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Actress, humanitarian and mother, Angelina Jolie recently detailed her decision to undergo a preventative double mastectomy and reconstruction surgery in an op-ed in the New York Times. The reason cited for her decision was the result of a genetic test that revealed she carries the BRCA1 gene mutation that makes her five times more likely to develop breast cancer and 10 times more likely to develop ovarian cancer.

The American Cancer Society estimates that just under 40,000 people across the U.S. will die of breast cancer in 2013. A statistic like that may make it seem like following in Jolie’s footsteps and undergoing a preventative mastectomy is the best way to ensure that you are not part of that statistic. In response to the op-ed, health care professionals have come forward with additional important information – less than 2 percent of women should even consider getting the genetic testing that Jolie did to screen for BRCA1 or BRCA2 and that one of the best indicators of a predisposition for breast cancer – or any type of cancer – is looking at your family history.

Genetic testing aside, for those women (and men) who have faced a breast cancer diagnosis and have undergone a mastectomy as part of a cancer treatment plan, the Women’s Health and Cancer Rights Act requires insurance companies to cover reconstructive surgery after breast removal.

Enacted in 1998, the WHCRA requires insurance companies to cover the reconstruction of the breasts after a double mastectomy or the reconstruction of the removed breast and any necessary work to the original breast necessary to create symmetry and balance. The California Insurance Code also specifically requires coverage of prosthetic devices or reconstructive surgery after a mastectomy for treatment of breast cancer.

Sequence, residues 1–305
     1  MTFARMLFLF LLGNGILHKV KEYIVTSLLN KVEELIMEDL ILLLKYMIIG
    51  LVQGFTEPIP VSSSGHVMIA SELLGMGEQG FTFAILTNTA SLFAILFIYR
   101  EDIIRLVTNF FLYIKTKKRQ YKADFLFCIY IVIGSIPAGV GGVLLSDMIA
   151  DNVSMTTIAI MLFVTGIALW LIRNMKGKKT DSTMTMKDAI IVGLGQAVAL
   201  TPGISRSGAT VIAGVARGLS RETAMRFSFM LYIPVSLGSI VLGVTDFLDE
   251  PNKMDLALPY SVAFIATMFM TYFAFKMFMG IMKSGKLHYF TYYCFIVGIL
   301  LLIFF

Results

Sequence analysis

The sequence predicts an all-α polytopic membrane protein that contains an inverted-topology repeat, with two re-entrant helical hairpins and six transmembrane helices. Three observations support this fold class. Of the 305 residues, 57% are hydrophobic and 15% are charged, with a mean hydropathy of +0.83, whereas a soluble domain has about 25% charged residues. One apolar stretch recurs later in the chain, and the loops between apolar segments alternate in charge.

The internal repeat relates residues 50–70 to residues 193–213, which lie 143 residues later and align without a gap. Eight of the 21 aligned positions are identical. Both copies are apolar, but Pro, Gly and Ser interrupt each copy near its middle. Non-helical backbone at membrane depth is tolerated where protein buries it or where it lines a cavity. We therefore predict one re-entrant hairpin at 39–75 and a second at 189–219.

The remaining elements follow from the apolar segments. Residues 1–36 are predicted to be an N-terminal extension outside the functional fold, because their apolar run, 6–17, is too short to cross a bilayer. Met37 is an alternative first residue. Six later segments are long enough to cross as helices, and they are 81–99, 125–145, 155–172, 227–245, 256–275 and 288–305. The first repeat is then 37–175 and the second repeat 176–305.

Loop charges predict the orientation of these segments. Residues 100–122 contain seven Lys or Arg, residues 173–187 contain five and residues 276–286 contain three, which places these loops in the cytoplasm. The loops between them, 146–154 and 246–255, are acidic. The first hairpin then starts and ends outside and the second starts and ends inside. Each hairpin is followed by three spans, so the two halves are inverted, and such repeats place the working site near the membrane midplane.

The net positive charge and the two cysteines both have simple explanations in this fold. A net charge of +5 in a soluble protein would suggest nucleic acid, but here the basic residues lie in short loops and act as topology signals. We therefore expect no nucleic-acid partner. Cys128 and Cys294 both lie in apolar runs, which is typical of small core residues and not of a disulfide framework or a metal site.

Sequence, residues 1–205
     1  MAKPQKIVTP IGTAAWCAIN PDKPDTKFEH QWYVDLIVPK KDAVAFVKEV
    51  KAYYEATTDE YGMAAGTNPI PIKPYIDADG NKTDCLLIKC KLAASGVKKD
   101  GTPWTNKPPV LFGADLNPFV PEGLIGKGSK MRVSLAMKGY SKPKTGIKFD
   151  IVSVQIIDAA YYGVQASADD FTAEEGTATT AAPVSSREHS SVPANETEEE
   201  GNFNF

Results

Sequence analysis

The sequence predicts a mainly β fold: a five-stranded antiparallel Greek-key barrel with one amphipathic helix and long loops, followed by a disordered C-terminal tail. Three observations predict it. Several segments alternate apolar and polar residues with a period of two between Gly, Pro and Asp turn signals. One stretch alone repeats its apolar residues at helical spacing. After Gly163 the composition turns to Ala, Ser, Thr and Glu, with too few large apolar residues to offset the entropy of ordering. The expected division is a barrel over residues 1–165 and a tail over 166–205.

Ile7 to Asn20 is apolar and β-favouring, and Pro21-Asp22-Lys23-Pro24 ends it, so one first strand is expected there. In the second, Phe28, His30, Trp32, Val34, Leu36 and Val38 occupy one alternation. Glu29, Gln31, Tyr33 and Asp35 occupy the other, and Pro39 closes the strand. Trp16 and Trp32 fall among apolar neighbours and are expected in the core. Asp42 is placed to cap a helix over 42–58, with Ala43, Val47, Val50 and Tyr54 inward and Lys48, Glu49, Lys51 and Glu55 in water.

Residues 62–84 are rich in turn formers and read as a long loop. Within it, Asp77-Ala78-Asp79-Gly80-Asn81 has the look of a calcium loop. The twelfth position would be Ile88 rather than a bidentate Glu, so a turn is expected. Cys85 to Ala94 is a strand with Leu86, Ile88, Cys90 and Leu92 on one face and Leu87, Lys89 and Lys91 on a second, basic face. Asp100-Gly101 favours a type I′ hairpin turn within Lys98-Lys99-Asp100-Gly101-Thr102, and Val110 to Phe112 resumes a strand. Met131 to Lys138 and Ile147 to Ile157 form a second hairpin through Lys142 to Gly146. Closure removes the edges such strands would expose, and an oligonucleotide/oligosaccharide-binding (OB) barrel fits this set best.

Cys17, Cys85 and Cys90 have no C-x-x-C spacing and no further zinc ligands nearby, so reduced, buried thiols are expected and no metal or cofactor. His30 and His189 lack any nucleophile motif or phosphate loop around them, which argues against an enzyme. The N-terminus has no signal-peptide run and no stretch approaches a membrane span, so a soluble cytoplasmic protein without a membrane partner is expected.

Of course, whether a preventative mastectomy and reconstruction is covered in the same manner as a mastectomy and reconstruction completed as a cancer treatment plan is something to discuss with your insurer and possibly an insurance coverage attorney before moving forward.

If you have undergone a mastectomy for breast cancer treatment and been wrongfully denied insurance coverage for reconstruction, you should also seek experienced legal counsel.

Source: American Cancer Society, “Women’s Health and Cancer Rights Act”

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